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What Kind of Man Could Trayvon Martin Have Been?

Yet another young life halted from reaching its full potential due to gun violence and racism

(Image: ThinkStock)

The police readily accepted Zimmerman’s assertion that he shot Martin in self-defense. Defending their own stunning (in)action, the police cited Florida’s Stand Your Ground Law, which supports a person’s right to do just that (as opposed to retreat) when they feel they are in danger. But as details of the case continue to trickle out, including Zimmerman’s 911 call and Martin’s 16-year-old girlfriend’s account of their phone conversation moments before the shooting, it is unimaginable that Zimmerman’s arrest would not be imminent (of course, it’s incredible that he was still free as of this writing…).

But Zimmerman isn’t the only problem here. It’s not just his gun that killed Trayvon Martin, it’s his attitude, his presumption that a young Black man in a hoodie is obviously up to no good. Law enforcement, in this case, completely reinforced that attitude. No doubt, they helped to create it in the first place. We all play our role in tolerating, thus perpetuating, a culture in which assaulting a Black male’s character—or his very life—is accepted as a justifiable norm, and justice is slow (at best) to follow. How do we stop this? We have to stop it.

As of late Monday, after a national outcry that included online petitions signed by hundreds of thousands of anguished and angry citizens and growing pressure from the media, the U.S. Justice Department announced it would be launching an investigation into this incident as a hate crime. Perhaps that will help address the issue of putting confessed killer Zimmerman behind bars. But what of the police in this matter? What of the neighbors who didn’t come out when they heard cries for help? What of our nation’s cynicism and callousness every time a Black child goes missing or dead? What of the untold losses to our communities, our larger culture and our world that these climbing numbers of lost Black male lives represent? Why don’t we ever talk about that?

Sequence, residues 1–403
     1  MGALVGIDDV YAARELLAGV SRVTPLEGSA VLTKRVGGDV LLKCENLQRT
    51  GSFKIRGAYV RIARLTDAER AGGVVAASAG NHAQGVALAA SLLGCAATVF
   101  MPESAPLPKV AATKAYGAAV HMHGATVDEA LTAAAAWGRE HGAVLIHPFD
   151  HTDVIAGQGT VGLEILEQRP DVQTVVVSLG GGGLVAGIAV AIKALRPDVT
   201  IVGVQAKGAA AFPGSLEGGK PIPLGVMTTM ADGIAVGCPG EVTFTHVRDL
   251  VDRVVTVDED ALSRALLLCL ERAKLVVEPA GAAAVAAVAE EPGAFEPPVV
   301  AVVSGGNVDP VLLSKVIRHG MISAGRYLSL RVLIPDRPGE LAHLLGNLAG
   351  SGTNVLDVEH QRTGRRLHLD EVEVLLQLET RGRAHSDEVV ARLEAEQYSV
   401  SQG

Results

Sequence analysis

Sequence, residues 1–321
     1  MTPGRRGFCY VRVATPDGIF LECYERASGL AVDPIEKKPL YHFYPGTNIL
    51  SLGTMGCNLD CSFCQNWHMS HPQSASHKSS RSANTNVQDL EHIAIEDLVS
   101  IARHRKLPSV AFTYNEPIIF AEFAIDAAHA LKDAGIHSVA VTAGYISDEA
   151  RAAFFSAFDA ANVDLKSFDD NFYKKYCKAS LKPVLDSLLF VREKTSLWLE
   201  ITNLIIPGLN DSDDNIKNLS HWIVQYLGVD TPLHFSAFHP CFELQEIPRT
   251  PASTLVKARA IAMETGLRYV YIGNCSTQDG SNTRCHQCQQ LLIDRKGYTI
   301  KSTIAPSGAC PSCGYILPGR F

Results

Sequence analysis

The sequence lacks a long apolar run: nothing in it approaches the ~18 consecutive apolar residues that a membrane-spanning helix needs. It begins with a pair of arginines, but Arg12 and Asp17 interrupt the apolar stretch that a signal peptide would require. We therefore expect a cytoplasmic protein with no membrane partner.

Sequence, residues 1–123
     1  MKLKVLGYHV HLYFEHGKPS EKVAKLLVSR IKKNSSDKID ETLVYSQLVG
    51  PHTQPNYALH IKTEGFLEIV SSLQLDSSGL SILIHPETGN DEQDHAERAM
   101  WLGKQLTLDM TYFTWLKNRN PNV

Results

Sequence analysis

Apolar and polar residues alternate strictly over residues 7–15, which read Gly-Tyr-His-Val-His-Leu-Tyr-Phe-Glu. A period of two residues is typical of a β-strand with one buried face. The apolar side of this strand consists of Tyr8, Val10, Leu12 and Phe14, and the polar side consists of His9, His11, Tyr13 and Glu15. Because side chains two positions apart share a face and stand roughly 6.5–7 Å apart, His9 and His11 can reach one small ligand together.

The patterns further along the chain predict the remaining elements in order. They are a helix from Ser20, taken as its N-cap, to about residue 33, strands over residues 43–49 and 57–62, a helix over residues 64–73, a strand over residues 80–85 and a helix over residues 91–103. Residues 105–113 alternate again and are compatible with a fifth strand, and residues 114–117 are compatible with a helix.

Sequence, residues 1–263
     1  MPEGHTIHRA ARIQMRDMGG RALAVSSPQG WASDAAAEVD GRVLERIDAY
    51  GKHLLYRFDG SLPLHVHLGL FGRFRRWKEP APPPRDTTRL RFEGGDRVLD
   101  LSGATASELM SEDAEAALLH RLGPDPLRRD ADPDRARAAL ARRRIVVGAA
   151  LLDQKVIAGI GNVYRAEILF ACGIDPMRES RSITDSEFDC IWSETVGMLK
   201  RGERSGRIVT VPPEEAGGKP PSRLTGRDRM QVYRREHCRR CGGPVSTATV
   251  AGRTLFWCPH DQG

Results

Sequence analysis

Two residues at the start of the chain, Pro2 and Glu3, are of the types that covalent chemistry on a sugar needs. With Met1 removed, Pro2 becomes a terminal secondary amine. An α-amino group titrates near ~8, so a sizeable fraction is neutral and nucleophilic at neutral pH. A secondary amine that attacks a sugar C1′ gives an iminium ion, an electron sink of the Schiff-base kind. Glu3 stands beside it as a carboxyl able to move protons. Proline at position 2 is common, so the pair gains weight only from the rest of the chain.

President Barack Obama was once 17. In high school, he no doubt ate candy, drank iced tea, loved sports, had girlfriends and big plans for his life even though he came from relatively humble means. Given what became of his life, we can now say there are no limits to what a Russell or Teddy or Carter can achieve. But we can’t say that about Trayvon Martin or the next young Black male to be shot for no reason other than the most fundamental, most stubborn racist views. Somebody, please tell me, what are we going to do about that? It will no longer do for us to simply shake our heads, wring our hands, and pray that they rest in peace. True justice for Trayvon Martin has to be bigger than what becomes of George Zimmerman or the local police in this case. That’s what we need to pray—and to work—toward.

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